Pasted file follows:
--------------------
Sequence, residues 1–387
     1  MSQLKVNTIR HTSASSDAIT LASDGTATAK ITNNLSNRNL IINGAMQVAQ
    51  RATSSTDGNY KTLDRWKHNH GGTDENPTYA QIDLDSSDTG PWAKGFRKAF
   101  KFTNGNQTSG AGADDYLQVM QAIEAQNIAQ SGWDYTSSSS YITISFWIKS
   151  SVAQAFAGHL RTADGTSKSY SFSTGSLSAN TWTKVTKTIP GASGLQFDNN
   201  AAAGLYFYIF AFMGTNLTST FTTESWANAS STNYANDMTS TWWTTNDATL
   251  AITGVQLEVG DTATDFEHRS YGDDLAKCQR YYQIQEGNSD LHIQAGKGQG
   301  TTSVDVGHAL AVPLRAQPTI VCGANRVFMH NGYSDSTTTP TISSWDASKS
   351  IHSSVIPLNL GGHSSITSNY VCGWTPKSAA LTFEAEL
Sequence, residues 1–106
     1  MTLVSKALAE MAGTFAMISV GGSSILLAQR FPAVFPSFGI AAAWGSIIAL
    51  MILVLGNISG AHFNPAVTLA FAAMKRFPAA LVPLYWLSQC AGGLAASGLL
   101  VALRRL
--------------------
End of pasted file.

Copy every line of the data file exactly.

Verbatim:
Sequence, residues 1–387
     1  MSQLKVNTIR HTSASSDAIT LASDGTATAK ITNNLSNRNL IINGAMQVAQ
    51  RATSSTDGNY KTLDRWKHNH GGTDENPTYA QIDLDSSDTG PWAKGFRKAF
   101  KFTNGNQTSG AGADDYLQVM QAIEAQNIAQ SGWDYTSSSS YITISFWIKS
   151  SVAQAFAGHL RTADGTSKSY SFSTGSLSAN TWTKVTKTIP GASGLQFDNN
   201  AAAGLYFYIF AFMGTNLTST FTTESWANAS STNYANDMTS TWWTTNDATL
   251  AITGVQLEVG DTATDFEHRS YGDDLAKCQR YYQIQEGNSD LHIQAGKGQG
   301  TTSVDVGHAL AVPLRAQPTI VCGANRVFMH NGYSDSTTTP TISSWDASKS
   351  IHSSVIPLNL GGHSSITSNY VCGWTPKSAA LTFEAEL
Sequence, residues 1–106
     1  MTLVSKALAE MAGTFAMISV GGSSILLAQR FPAVFPSFGI AAAWGSIIAL
    51  MILVLGNISG AHFNPAVTLA FAAMKRFPAA LVPLYWLSQC AGGLAASGLL
   101  VALRRL